Kanye West, ‘The Life of Pablo,’ music streaming – and why it matters

NICK GORDON

Contributor

The digital age has brought unprecedented changes to some of the most established media, altering them in polarizing ways. Physical copies of movies and albums have seemingly become novelties, while streaming services like Netflix and Spotify have become the primary sources of delivering the same content, except in digital form. In the music industry, the concept of music streaming has been a massive success. It has recently been recognized by Apple and Google, who have created their own streaming services. Furthermore, with music being so readily available online in tandem with the seamless ability to create and share content, websites like SoundCloud have emerged to facilitate music created by undiscovered artists.

All of these platforms have seen massive success, with their audience and participants growing substantially in a relatively short period of time. But just like their digital elders of content sharing like YouTube or MySpace, anybody with a computer, or even smart device, can upload and create content available for consumption, regardless of quality. In the few years that these websites have been active, there’s been a fine line drawn between the established content creators, who have enough viewers to warrant full-time jobs, and the average person, who casually uploads content hoping at least ten people view, or at best, share it. In essence, there’s a single, distinguishing factor between the former and the latter: professionalism.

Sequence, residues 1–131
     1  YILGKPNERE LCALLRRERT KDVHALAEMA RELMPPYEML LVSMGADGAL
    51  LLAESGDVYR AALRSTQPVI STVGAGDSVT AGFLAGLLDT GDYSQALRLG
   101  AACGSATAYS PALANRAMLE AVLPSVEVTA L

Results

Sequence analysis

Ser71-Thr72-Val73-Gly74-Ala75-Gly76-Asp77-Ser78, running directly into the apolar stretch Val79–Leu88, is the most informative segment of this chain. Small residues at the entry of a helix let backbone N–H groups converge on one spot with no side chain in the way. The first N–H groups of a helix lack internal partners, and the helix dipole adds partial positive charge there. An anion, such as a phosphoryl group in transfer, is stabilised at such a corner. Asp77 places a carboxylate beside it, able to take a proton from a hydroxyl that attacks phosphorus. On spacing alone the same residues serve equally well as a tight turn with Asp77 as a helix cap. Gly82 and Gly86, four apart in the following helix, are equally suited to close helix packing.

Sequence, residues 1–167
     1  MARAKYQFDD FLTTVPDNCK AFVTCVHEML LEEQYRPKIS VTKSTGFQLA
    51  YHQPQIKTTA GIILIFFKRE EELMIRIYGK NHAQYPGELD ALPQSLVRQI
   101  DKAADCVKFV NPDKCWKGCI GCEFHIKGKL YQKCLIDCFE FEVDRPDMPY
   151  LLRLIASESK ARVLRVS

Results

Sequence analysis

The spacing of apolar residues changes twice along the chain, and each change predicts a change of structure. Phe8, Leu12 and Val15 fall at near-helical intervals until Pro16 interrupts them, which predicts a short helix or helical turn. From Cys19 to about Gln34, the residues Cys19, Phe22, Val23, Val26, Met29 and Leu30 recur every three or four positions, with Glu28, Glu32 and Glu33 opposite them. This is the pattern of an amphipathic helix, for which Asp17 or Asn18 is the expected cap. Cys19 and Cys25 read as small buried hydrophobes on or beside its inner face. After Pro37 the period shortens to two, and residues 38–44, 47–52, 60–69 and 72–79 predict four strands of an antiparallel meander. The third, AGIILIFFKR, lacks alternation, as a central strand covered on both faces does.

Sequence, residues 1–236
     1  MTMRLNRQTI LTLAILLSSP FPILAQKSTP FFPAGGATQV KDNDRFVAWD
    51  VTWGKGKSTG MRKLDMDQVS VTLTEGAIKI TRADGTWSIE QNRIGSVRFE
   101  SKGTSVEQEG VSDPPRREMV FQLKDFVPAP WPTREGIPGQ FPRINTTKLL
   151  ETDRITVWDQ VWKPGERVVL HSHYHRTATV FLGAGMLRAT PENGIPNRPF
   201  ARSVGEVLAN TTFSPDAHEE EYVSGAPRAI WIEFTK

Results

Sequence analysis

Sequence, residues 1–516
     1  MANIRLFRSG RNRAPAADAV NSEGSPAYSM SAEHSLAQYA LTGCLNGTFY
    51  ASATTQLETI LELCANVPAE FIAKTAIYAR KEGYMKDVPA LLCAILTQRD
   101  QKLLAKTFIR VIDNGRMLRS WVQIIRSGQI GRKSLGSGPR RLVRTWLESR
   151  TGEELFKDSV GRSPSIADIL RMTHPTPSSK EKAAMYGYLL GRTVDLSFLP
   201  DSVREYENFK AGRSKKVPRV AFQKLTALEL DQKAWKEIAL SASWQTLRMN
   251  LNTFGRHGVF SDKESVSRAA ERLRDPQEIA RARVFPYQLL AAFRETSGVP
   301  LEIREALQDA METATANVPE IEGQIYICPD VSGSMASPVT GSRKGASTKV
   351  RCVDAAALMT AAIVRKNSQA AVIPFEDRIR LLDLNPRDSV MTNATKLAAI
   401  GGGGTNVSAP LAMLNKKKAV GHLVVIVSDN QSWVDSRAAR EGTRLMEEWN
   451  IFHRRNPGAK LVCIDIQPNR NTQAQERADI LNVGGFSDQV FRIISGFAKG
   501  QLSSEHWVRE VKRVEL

You would never expect YouTube all-stars like Smosh to haphazardly upload hastily created, unedited footage, and even when there are mistakes, such as out-of-sync audio, they’re immediately berated by their audience for under-performing and being sloppy. The stars of Smosh, just like any content creating celebrities, are held to a standard of quality; they show up to their day jobs, knowing they must produce quality content and will be punished if they fail to do so.

The established norm of simply doing your job well has been echoed for as long as jobs have existed, and has never been in contention until about a month ago, when Kanye West once again sent waves through the music industry with the release of his much anticipated album, “The Life of Pablo.”